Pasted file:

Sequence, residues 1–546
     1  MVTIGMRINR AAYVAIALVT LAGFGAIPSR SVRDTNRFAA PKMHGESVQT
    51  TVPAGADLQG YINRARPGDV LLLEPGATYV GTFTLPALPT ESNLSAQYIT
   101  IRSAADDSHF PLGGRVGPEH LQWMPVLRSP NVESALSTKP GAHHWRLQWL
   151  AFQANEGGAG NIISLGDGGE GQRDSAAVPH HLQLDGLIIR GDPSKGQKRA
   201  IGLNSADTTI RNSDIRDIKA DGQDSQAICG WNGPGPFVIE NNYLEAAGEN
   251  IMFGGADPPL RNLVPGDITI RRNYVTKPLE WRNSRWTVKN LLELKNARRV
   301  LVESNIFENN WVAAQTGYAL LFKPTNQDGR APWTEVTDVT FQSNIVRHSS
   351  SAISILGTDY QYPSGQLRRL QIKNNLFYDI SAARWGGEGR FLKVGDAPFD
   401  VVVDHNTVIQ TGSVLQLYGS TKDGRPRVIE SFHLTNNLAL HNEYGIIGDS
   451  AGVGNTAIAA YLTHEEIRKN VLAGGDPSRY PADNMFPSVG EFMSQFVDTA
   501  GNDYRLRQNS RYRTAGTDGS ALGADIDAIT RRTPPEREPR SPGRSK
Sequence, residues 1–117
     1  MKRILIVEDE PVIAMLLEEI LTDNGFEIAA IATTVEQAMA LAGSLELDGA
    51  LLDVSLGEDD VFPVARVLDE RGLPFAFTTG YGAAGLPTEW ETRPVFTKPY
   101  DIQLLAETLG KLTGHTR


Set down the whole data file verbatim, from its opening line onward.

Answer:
Sequence, residues 1–546
     1  MVTIGMRINR AAYVAIALVT LAGFGAIPSR SVRDTNRFAA PKMHGESVQT
    51  TVPAGADLQG YINRARPGDV LLLEPGATYV GTFTLPALPT ESNLSAQYIT
   101  IRSAADDSHF PLGGRVGPEH LQWMPVLRSP NVESALSTKP GAHHWRLQWL
   151  AFQANEGGAG NIISLGDGGE GQRDSAAVPH HLQLDGLIIR GDPSKGQKRA
   201  IGLNSADTTI RNSDIRDIKA DGQDSQAICG WNGPGPFVIE NNYLEAAGEN
   251  IMFGGADPPL RNLVPGDITI RRNYVTKPLE WRNSRWTVKN LLELKNARRV
   301  LVESNIFENN WVAAQTGYAL LFKPTNQDGR APWTEVTDVT FQSNIVRHSS
   351  SAISILGTDY QYPSGQLRRL QIKNNLFYDI SAARWGGEGR FLKVGDAPFD
   401  VVVDHNTVIQ TGSVLQLYGS TKDGRPRVIE SFHLTNNLAL HNEYGIIGDS
   451  AGVGNTAIAA YLTHEEIRKN VLAGGDPSRY PADNMFPSVG EFMSQFVDTA
   501  GNDYRLRQNS RYRTAGTDGS ALGADIDAIT RRTPPEREPR SPGRSK
Sequence, residues 1–117
     1  MKRILIVEDE PVIAMLLEEI LTDNGFEIAA IATTVEQAMA LAGSLELDGA
    51  LLDVSLGEDD VFPVARVLDE RGLPFAFTTG YGAAGLPTEW ETRPVFTKPY
   101  DIQLLAETLG KLTGHTR